This course has allowed me to practice important skills when it comes to lesson planning and assessment. Utilizing specific formats and looking deeply into the learning standards I will need to use has been greatly beneficial. Reflecting on SPU program standard 4 Content Knowledge, I have acquired this knowledge throughout coursework such as the Mid Quarter lesson design. (Figure 1). I examined the state standard for 3rd grade math fractions and crafted a lesson that would allow for practice activities and formative assessment throughout. It was helpful to use the same format I will use during my teacher internship and edTPA so I know what to expect. Looking closely at Component 1e: Designing Coherent Instruction, I demonstrate knowledge of this by allowing for multiple learning strategies for student needs. Allowing for visual, building, and listening learners, the lesson will be accessible to a variety of student learning styles. I am continuing to work on a coherent progression and structure in my final lesson design as I became a little ambitious and overwhelming when it came to introducing and operating with fractions.
Our course readings allowed for further understanding of designing curricula to effectively support student understanding. Rosenshine (2012) describes introducing material in small chunks so as not to overwhelm. Also including time for questions and student practice helps retention of new material. “ . . . teachers used this extra time to provide additional explanations, give many examples, check for student understanding, and provide sufficient instruction so that the students could learn to work independently without difficulty.” (Rosenshine, 2012, p 32). This will be important to keep in mind as I design and deliver new content so students feel successful. Allowing myself adequate time for material to sink in and be understood will be necessary as I progress through the learning standards. Coming back to these readings and practice activities as I work through my first year of teaching will greatly aid my effectiveness in the classroom.
SChrisman MidQuarter Lesson
Rosenshine, B. (2012). Principles of Instruction: Research based strategies that all teachers should know. American Educator: Education Digest. p 30-40.
Although this topic doesn’t revolve around the main theme of Special Education, I believe it still relates to grouping students based on their abilities and developmental levels. The debate over tracking and leveling comes down to students having the possibility of feeling isolated into groups. Tom Loveless (1998) argues that there is not enough research to back the points regarding discrimination of students being labeled as underachievers. This method of teaching actually helps students and gets them to the next level, teaching them appropriate material that is not overwhelmingly challenging. Jeannie Oakes (1999) writes that tracking groups actually works to isolate students that harms students academic image. Students are assumed that have all the same learning capabilities based on their tracking group.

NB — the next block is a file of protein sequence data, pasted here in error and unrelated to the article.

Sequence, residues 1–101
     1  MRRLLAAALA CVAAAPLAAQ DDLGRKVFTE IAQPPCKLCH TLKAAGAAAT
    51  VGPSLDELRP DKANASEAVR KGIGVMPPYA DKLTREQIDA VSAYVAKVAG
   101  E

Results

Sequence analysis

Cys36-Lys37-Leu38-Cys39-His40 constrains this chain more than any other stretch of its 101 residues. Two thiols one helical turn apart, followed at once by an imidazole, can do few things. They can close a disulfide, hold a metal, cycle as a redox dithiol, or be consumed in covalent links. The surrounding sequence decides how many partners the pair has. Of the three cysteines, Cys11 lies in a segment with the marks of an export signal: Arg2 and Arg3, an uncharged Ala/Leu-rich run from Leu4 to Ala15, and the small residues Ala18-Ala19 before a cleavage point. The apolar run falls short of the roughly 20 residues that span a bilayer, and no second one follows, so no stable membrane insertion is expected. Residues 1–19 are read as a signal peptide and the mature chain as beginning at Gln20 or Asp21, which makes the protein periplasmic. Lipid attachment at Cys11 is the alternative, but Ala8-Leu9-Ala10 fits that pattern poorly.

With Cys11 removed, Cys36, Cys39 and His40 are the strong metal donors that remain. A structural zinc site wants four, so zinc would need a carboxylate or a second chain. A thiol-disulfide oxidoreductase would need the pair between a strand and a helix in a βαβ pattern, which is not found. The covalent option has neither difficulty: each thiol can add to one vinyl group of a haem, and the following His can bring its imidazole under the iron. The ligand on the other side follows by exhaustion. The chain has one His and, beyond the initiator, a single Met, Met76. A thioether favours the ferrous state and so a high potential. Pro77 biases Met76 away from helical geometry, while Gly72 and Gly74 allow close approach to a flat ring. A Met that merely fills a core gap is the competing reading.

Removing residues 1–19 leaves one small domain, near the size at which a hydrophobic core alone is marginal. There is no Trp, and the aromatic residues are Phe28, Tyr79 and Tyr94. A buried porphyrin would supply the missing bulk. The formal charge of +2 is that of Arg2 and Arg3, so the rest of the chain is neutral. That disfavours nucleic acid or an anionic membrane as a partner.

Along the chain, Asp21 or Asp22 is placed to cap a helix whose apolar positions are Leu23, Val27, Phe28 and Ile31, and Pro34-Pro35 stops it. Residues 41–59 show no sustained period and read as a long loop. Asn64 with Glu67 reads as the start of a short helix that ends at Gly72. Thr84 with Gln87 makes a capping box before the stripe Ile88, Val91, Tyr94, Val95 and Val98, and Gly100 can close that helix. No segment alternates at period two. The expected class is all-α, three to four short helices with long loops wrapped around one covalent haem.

I can see the benefit of having students together, working on similar material that is appropriate for them. These groups should be regularly assessed and flexible enough for students to move in and out of different groups. There is always the fear of isolation and separation with our classes which is something to avoid. There is a right way to handle ability tracking without allowing those feelings of entitlement and poor self worth. “Grouping is a more flexible, less permanent arrangement of students that takes into account factors in addition to ability, such as motivation, interests, instructional levels, and student efforts.” (Renzulli and Reis, 1991) The difference between tracking and grouping should be distinguished so students do not feel like they are identified at a certain level. These groupings can be helpful and effective to challenge student thinking and learning.
Renzulli and Reis. (1991) The Reform Movement and the Quiet Crisis in Gifted Education. Gifted Child Quarterly. (35, 26-35)
Religion and family values will always be a controversial topic. The range of religious and cultural backgrounds students come from is huge. They are personal morals that affect the way families carry out their lives. There is bound to be conflict and that can be seen in regards to religion in school. McConnell (1995) argues that students should have the right to worship and pray in school. The First Amendment guarantees their right to practice religion in school and their freedom of religion has transformed to freedom from religion. Gaylor (1995) says religious actions were never banned from the schools but rather not institutionally taught. Religion is a private affair and all students have the right to hold their own values but forcing religion on students is not the correct method. Neutrality is key so all students feel welcome and accepted.
Both authors bring up important concepts on this controversial topic. I would side more with Gaylor’s argument of being accepting of all religions without tying them in to educational material. When prayer becomes involved into public education, separation and conflict . “Religion is private, and schools are public, so it is appropriate that the two should not mix. To introduce religion in our public schools builds walls between children who may not have been aware . . . “ (Gaylor, 1995) We want to keep kids on the same level so everyone has a right to learn. Accepting differences is crucial in schools so all feel welcome. We still should be careful around family values of religion so not to divide our students based on their beliefs.
Gaylor, A. L. (1995). “The Case Against School Prayer.” The Freedom from Religious Education Inc.